Most of us feel swept up in the current of modern trends, doing away with last year’s styles as easily as we would with an old smartphone. In many respects, it can’t be helped. Pressure comes from all sides to stay as modern and as chic as possible, potentially overruling our own flair for the sake of keeping up with the Joneses. The desire to constantly stay trendy does come with many drawbacks, however. Some home features may not necessarily be à la mode but are nevertheless so beloved that they transcend modern home design and have become (or should become) timeless classics.
Many of us have only ever seen a dumbwaiter in the movies. Retrofitting a dumbwaiter can be an expensive (and some might say unnecessary) renovation since it requires breaking through walls and floors and doesn’t serve a purpose that a set of stairs and a pair of legs can’t provide. The dumbwaiter was the 19th-century staple in homes where domestic life was taken care of by maids and butlers. Rather than constantly travelling up and down the stairs with whatever the master or mistress of the house wanted, sending the afternoon cup of tea right up at the ring of the bell was much more efficient. These days, dumbwaiters are considered nothing but a “period feature,” but we love the look and style of these mini elevators.
The world is becoming more energy conscious. Provincial governments are investing in energy efficiency and sustainability like never before. This eco-friendly mentally has trickled down (or perhaps sprung up) from everyday households that maintain sustainable practices. Greenhouse windows are certainly part of that movement. Of course, when they were first installed in kitchen windows hundreds of years ago, there was no conscious thought about how green they could be, but now, greenhouse windows are seen as both decorative and eco-friendly. Grow a kitchen garden right from your windowsill utilizing only the power of the sun.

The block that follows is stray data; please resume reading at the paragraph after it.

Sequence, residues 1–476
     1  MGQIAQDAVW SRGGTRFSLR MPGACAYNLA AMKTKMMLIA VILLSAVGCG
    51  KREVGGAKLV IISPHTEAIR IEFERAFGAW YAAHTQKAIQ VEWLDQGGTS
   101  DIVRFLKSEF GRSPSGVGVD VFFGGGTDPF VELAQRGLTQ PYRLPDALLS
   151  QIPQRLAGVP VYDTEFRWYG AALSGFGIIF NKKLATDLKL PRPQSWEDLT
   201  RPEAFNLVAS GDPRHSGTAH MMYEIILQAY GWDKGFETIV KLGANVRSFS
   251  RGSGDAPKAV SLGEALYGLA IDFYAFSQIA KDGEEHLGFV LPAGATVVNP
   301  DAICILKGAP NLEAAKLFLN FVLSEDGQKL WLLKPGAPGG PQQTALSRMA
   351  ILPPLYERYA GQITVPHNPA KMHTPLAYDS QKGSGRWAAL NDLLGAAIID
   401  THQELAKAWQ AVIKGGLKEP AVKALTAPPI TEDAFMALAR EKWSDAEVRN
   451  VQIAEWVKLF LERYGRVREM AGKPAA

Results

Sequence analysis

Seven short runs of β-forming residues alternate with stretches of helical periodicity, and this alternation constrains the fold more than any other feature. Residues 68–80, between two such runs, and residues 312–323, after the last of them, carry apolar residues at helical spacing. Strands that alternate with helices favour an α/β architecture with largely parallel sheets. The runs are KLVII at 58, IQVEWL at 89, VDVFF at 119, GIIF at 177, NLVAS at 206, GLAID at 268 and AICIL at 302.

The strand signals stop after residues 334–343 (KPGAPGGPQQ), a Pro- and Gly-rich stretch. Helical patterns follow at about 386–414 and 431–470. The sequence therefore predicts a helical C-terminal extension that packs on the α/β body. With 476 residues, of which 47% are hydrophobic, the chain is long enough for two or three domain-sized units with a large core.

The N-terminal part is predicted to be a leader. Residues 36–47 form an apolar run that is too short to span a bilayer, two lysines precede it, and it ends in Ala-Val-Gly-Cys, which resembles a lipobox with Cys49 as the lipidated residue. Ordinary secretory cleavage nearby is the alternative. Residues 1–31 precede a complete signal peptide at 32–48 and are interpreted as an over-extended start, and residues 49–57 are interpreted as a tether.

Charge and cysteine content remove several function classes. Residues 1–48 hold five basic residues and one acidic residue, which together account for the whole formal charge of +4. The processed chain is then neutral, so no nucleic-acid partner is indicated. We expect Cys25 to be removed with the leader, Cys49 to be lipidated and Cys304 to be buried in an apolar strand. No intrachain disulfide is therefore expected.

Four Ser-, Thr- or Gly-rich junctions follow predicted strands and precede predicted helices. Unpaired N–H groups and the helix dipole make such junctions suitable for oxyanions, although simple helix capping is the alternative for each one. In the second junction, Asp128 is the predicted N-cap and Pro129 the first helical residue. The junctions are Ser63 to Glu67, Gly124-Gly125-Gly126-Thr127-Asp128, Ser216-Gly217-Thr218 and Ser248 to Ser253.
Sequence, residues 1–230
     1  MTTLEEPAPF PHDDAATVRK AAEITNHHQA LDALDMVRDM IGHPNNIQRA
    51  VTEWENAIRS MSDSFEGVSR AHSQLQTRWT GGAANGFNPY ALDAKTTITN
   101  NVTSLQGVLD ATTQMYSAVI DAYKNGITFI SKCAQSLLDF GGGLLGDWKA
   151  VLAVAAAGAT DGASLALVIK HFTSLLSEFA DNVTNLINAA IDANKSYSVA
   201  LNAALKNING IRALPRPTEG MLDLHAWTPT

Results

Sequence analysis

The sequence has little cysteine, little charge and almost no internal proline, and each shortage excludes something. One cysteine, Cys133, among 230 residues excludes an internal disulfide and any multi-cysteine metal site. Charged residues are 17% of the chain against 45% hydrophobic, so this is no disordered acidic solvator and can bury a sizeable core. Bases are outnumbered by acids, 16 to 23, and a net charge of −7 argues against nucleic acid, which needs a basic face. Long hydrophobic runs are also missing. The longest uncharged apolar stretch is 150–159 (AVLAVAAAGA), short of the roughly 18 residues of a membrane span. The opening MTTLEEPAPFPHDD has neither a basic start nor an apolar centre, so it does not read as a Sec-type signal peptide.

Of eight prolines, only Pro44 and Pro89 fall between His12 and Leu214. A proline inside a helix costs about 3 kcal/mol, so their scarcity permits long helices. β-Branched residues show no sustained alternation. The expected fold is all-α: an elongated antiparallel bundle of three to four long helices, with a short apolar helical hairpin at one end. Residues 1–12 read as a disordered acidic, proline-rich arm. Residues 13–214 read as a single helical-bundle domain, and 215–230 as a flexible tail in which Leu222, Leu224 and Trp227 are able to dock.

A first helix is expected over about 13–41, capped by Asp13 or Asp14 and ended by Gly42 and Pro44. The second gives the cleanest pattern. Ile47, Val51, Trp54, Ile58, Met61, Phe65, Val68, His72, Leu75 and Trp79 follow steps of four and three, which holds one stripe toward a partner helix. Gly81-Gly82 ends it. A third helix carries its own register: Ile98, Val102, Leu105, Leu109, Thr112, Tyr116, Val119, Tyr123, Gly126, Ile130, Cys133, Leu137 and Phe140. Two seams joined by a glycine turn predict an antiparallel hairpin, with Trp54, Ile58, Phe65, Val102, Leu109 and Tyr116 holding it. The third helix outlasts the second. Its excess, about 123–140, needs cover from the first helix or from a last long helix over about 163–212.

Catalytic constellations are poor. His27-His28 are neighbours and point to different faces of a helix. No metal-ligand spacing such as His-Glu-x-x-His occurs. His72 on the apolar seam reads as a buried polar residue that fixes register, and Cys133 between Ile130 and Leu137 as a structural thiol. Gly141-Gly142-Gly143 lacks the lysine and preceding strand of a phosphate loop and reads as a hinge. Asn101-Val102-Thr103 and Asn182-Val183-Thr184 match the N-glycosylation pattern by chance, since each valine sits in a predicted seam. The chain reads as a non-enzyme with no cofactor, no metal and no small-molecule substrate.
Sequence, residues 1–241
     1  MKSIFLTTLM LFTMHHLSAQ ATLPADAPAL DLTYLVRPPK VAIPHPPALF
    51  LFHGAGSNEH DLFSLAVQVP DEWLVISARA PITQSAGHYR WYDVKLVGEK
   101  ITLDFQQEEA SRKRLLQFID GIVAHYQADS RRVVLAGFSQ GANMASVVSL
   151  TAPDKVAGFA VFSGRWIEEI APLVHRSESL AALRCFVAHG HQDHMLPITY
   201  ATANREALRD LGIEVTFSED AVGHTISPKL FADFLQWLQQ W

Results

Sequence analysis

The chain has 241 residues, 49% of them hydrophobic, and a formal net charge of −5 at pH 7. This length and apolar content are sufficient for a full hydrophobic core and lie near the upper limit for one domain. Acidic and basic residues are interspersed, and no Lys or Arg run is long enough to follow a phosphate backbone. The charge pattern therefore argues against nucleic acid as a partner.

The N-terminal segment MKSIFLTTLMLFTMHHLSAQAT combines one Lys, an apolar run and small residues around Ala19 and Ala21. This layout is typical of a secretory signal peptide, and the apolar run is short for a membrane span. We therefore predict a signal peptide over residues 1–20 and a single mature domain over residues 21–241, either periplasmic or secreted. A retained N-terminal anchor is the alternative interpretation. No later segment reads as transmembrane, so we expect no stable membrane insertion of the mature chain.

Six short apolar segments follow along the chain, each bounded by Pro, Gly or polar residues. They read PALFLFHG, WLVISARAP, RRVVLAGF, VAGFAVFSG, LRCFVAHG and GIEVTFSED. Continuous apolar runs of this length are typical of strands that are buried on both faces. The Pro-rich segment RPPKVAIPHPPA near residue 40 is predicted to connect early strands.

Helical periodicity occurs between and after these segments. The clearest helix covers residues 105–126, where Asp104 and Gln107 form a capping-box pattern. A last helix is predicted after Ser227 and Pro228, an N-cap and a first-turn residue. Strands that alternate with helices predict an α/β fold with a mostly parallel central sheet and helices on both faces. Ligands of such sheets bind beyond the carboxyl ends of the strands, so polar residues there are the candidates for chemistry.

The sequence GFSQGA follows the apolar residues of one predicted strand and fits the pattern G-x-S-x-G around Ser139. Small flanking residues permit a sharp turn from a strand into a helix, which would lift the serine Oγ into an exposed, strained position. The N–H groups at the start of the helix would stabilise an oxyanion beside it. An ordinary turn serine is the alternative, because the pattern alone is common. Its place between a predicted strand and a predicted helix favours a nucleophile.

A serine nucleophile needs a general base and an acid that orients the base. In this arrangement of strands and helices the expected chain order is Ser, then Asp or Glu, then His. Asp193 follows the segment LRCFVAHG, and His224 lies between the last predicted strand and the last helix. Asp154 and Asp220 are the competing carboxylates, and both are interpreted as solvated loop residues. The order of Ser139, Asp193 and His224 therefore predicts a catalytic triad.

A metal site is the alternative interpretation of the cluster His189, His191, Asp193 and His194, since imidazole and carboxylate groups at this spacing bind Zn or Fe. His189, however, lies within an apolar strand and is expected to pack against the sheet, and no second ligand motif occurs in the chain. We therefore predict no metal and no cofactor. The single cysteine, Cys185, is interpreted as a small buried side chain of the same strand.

Depending on where you live, Dutch doors aren’t necessarily the most practical style of kitchen entrance. But we love how they instantly add an old-world and romantic charm to any kitchen. We can just imagine someone setting out a freshly baked pie to cool on the shelf above the bottom door and the naughty dog that tries to steal it. While Dutch doors aren’t mainstream, you can find many window and door installers in your area that sell and install this particular style.
Now synonymous with a kitchen pantry, historically, a larder was the coldest room of the house that was used to preserve produce, dairy, and meat. Always facing the north side of the house away from any direct sunlight, the larder was lined with shelves and hooks and included a small window that was essential for circulation. The larder has mostly been replaced by refrigeration, but there’s much to be said about using architecture as a cheap and eco-friendly way of keeping food cool.
We’re not saying that fireplaces aren’t mainstream. In fact, not having a fireplace in the home can be a dealbreaker for many house hunters. But there came a time when the fireplace or hearth was the pinnacle of the home. In many cultures, the hearth is even symbolic of harmonious domestic life. It’s a shame that wood-burning stoves have fallen out of fashion because nothing says home sweet home quite like a warm kitchen.
Do you have a unique kitchen style in mind? Cuisines Nuenza can help. We’ll design a functional, ergonomic and fashionable kitchen to leave you happy for years to come. Come and visit our showroom or request a free estimate.